APS Peshawar woke us up from our slumber because it was the first such attack to target schoolchildren. It reminded us, after years of insensitivity, about the sanctity and value of human life. But if attacks on schools and colleges continue like this, will we gradually accept them as predestination and move on, as we seem to have done after Charsadda? Will we retreat back into our shells and conveniently let everything pass by? Judging from our response to Peshawar and Charsadda, it seems so and the signs are already there: our citizenry is descending back into a state of insensitivity, and whatever little consciousness had been gained post-Peshawar is now being lost post-Charsadda. That is our biggest danger.
We must realise that Pakistan’s fight against terror is in essence a war of narratives. It cannot be won on the mountains of Waziristan alone. To defeat terror we will first have to defeat extremism. For this, our citizenry will have to play a more proactive role — one that requires citizens to question governmental policies, reclaim public spaces, shape public narratives and demand tougher, stricter and uniform governmental action. Desensitisation of our moral conscience, that brings with it a gradual withdrawal from public space, is something we cannot afford and something we should all fear.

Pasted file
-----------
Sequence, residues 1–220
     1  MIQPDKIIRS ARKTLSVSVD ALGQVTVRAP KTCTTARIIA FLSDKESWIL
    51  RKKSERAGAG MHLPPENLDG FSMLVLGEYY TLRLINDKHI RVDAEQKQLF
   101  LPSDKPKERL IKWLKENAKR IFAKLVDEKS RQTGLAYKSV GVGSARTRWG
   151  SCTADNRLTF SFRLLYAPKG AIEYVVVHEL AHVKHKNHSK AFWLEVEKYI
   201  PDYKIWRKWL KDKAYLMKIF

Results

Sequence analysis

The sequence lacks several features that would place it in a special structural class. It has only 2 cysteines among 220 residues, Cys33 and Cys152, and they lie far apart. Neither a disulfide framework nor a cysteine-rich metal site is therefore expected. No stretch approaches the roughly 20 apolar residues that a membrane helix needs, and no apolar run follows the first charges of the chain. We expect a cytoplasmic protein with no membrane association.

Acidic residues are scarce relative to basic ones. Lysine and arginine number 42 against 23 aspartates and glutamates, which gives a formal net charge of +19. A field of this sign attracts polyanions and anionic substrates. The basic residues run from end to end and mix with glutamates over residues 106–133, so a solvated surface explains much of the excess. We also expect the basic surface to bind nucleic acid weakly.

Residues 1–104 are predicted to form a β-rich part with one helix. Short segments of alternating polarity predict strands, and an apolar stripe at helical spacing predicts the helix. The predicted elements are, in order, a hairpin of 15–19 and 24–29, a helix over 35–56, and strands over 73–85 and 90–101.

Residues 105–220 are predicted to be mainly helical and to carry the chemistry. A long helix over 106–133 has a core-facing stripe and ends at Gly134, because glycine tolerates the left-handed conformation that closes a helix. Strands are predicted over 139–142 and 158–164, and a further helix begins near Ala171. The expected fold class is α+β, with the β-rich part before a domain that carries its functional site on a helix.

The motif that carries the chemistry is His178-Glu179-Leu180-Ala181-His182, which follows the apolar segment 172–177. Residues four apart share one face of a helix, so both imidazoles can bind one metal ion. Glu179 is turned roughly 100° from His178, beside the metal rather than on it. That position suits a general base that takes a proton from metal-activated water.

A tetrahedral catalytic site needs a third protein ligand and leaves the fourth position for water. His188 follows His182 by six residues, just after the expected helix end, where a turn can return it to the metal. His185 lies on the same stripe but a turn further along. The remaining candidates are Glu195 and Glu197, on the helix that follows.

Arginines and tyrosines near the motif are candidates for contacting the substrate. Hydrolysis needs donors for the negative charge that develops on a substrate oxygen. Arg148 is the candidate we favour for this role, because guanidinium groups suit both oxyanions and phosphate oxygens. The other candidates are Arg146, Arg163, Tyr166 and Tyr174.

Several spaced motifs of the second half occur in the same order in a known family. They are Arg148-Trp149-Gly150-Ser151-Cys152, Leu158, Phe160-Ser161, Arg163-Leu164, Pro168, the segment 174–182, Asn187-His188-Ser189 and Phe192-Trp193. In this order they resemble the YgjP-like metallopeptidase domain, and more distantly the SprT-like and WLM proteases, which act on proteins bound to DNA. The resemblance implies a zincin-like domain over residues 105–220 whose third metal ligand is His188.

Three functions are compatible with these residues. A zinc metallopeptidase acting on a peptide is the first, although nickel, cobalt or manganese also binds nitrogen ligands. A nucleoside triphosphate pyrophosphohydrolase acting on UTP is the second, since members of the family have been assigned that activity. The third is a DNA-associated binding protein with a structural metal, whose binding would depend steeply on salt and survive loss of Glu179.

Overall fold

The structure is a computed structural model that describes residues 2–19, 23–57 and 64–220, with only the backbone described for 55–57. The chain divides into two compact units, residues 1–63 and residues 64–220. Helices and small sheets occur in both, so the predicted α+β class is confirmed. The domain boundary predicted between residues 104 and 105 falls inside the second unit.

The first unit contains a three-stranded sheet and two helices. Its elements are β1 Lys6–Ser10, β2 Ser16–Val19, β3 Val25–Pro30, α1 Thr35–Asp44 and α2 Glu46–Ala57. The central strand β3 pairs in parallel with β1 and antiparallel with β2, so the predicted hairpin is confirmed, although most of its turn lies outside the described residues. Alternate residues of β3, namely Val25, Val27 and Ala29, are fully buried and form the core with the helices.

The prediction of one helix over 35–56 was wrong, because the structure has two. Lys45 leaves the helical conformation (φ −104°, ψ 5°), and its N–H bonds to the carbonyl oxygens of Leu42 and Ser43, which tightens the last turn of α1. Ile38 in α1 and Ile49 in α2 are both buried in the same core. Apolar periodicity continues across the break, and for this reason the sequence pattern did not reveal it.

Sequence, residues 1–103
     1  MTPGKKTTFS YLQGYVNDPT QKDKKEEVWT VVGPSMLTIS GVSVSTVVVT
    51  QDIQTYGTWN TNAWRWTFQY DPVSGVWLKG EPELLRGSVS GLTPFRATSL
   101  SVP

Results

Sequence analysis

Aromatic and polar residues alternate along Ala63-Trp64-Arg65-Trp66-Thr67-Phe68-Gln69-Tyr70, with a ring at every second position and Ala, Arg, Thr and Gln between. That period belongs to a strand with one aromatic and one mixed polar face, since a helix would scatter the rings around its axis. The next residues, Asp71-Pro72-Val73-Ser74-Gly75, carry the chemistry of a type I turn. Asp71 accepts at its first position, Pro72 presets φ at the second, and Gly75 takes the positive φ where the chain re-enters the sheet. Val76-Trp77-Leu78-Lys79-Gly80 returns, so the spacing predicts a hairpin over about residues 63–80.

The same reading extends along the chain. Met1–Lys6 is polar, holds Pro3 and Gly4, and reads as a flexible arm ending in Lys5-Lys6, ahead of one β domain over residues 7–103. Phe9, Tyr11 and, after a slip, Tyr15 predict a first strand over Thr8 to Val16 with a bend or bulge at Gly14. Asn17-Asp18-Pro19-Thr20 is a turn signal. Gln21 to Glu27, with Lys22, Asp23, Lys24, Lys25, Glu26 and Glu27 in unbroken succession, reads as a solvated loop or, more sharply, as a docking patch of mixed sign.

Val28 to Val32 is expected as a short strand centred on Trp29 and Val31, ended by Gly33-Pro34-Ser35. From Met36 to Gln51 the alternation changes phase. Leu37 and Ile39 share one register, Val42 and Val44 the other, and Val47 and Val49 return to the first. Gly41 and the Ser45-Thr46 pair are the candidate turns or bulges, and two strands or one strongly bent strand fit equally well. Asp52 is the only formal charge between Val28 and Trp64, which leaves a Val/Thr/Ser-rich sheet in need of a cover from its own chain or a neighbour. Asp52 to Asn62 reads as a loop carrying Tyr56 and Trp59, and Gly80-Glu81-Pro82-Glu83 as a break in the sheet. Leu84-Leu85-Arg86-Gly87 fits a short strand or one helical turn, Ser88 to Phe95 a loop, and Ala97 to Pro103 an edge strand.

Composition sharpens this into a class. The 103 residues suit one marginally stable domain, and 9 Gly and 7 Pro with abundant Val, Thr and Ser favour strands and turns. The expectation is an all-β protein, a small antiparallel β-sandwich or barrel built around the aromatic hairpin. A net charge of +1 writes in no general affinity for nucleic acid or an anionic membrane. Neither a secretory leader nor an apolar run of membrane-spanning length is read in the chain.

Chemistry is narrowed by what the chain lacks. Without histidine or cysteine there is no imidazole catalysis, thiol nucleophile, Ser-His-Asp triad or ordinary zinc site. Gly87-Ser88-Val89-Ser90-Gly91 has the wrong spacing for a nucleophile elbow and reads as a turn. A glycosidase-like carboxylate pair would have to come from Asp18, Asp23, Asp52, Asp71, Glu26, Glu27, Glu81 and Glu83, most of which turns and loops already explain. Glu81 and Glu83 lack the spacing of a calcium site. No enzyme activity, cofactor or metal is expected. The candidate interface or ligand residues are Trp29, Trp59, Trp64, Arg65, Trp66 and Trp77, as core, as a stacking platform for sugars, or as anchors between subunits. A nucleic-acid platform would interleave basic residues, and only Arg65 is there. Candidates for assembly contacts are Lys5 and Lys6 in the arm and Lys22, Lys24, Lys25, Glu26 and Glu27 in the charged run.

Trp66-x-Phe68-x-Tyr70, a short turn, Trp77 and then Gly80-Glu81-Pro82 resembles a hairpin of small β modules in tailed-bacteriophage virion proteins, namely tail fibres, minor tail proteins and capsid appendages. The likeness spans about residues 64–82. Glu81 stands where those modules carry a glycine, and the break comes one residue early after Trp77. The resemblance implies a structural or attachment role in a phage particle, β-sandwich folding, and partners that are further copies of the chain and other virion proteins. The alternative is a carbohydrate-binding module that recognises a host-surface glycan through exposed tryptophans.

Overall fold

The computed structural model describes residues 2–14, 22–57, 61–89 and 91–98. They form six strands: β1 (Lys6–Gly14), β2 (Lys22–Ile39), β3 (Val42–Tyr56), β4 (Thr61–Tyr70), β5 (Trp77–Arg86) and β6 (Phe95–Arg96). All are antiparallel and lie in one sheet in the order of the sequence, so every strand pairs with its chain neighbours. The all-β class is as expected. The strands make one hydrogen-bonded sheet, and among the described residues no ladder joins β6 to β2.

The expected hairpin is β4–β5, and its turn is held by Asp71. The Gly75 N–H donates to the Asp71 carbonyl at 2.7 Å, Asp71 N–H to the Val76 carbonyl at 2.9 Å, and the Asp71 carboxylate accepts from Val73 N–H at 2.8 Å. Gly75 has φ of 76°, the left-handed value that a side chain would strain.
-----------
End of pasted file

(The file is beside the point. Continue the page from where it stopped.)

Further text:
By asking questions and piling up enough pressure, London’s citizenry extracted Operation Safeway from their government. Can we follow suit and, as a starting point, pressurise the state into arresting Maulana Abdul Aziz?
Bakhtawar Bilal Soofi is a lawyer.
Burning Flags: They Associate A Particular Flag With Tyranny Or Are Advocating For Armed Movement Against The State
By Zeeba T Hashmi
February 05, 2016
When flags are burnt, sentiments run high. Though it is justified to state that desecration of a national flag is in fact an insult to the people belonging to a nation, double standards often surface when a rival country’s flag is humiliated in public. On Monday this week, a prominent writer of Pakistani origin was witnessed publicly burning the Pakistani flag in a protest organised by Baloch separatists in Canada. We are in no position to comment on whether the intention of this particular gentleman was to genuinely highlight the resentment of the Baloch separatists. This particular action, especially coming from an intellectual, is hurtful to our national sentiments but it is certainly not shocking. This action per se is not as disturbing as is to completely turn a blind eye to the reasons behind why the flag has been burnt. And, quite unfortunately, the examples of our deliberate ignorance in the garb of jingoism are many in Pakistan. While television channels show with much jubilation separatists in India burning their flag, they feel enraged when the same is done to the Pakistani flag.